Start the Conversation: A Year-Round Priority
By: The National Hemophilia Foundation
March is Bleeding Disorders Awareness Month (BDAM) – as the month is soon coming to a close, it’s an important time to reflect on the goals of the month, and how the spirit of the month can carry forward year-round.
The month is an important time to start conversations and raise awareness around inheritable blood and bleeding disorders like hemophilia, von Willebrand disease, and more. In fact, that’s the official theme of an annual BDAM campaign from the National Hemophilia Foundation (NHF) – “Start the Conversation” runs from March 1 to 31. The campaign aims to showcase a wide variety of experiences across disease states, research, education, and advocacy.
BDAM serves as a prompt to start thought-provoking and engaging conversations that draw attention to the community’s most pressing questions, issues, and needs. But these topics – such as mental health, access to care, and more – are not just conversation starters. They are real life issues for community members – ones that impact them every single day of their lives.
Community members, supporters, and medical providers too often see blood/bleeding disorders excluded from common conversations around chronic and lifelong conditions. The month serves as a jumping point for the daily goals of our community – to elevate the visibility of disorders among national medical priorities, and to remind others that these conditions face many of the same challenges as other chronic conditions.
“Inheritable blood disorders are often excluded from the national conversation around medical priorities,” said NHF President and CEO, Dr. Leonard A. Valentino. “This campaign hopes to highlight disorders like hemophilia, von Willebrand Disease, rare factor deficiencies, and others, within issues that are common across disease states, like mental health for chronic disorders, accessibility and affordability of medications, and more. With ‘Start the Conversation’ our community will be able to share what is of utmost importance to them and their families.”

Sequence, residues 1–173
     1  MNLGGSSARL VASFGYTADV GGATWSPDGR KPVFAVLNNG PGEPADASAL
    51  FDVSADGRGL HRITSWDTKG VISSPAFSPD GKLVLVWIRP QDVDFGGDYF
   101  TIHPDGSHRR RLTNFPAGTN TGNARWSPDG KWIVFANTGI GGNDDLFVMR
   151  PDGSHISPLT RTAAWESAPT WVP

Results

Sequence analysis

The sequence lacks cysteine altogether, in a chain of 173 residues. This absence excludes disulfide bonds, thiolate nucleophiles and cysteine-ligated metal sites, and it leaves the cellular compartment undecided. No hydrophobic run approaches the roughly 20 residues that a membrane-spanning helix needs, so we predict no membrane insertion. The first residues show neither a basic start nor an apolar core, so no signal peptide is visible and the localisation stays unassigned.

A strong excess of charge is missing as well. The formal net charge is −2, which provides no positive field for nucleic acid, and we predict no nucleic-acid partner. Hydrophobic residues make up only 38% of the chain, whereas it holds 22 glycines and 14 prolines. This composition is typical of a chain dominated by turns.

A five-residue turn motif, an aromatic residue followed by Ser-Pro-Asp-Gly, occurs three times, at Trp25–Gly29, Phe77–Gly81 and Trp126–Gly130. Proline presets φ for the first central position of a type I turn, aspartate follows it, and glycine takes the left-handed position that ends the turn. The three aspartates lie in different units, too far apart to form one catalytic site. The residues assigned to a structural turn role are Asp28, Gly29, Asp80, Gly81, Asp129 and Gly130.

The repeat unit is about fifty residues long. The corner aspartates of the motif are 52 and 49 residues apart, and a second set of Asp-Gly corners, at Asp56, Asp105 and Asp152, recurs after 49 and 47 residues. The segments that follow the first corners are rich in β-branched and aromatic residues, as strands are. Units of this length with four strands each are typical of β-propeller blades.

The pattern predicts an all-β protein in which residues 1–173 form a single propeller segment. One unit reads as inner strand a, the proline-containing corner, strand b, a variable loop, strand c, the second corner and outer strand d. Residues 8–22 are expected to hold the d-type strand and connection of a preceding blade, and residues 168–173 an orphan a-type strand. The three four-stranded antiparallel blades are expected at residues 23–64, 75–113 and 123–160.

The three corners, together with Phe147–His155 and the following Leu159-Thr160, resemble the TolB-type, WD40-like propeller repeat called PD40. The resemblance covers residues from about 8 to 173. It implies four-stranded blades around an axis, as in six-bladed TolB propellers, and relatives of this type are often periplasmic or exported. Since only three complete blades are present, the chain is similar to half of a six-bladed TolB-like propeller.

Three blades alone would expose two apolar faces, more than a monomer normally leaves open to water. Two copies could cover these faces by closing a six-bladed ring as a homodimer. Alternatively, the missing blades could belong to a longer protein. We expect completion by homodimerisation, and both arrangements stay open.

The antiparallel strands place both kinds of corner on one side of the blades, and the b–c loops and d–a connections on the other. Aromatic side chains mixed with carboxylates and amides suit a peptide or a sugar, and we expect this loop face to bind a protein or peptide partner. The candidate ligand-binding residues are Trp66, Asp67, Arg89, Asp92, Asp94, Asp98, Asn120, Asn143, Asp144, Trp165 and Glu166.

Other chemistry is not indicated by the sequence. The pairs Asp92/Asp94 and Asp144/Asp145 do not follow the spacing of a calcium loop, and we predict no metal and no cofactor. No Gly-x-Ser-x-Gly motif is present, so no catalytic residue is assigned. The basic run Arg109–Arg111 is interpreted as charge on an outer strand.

Garrett Hayes, who lives with severe hemophilia A, says that “As someone with a rare disorder, I often find that I haven’t known how to start the conversation with people outside of the community. This campaign makes it easier for me to feel less alone, and I’m grateful for the guidance and conversation starters that will help me better tell my life’s story.”
Many other community members and medical providers have spoken up throughout the month. Click to hear from physicians, public health professionals, and community members in various videos. Follow the foundation on social media to hear even more – click to follow on Instagram, YouTube, Facebook, and/or LinkedIn.
In bringing together voices from across the community, “Start the Conversation” aims to find specific and actionable conversations that reduce stigma and increase understanding via open and honest conversations that get to the heart of prominent questions and concerns.
BDAM has a long history of patient advocacy and evolving to reflect the community – while the month became an official health observance of the U.S. Department of Health and Human Services in 2016. It was previously denoted as Hemophilia Awareness Month — beginning in in 1986 with a proclamation from President Reagan – thanks to the power of advocates who raised their voices to demand attention and awareness. It was advocates again in the 2010s who rallied again to make the month reflective of blood/bleeding disorders beyond hemophilia.
The month is a lesson in the power of united community, shared goals, and the importance of a continued conversation. Thanks to all who have supported the month and carry its lessons through each 365 days around the sun.
Join the month’s ongoing mission and download free resources at www.hemophilia.org/bdam. You can help call attention to the stories, struggles, and successes of the many individuals and families in the U.S. living with hemophilia, von Willebrand disease, rare factor disorders, and more.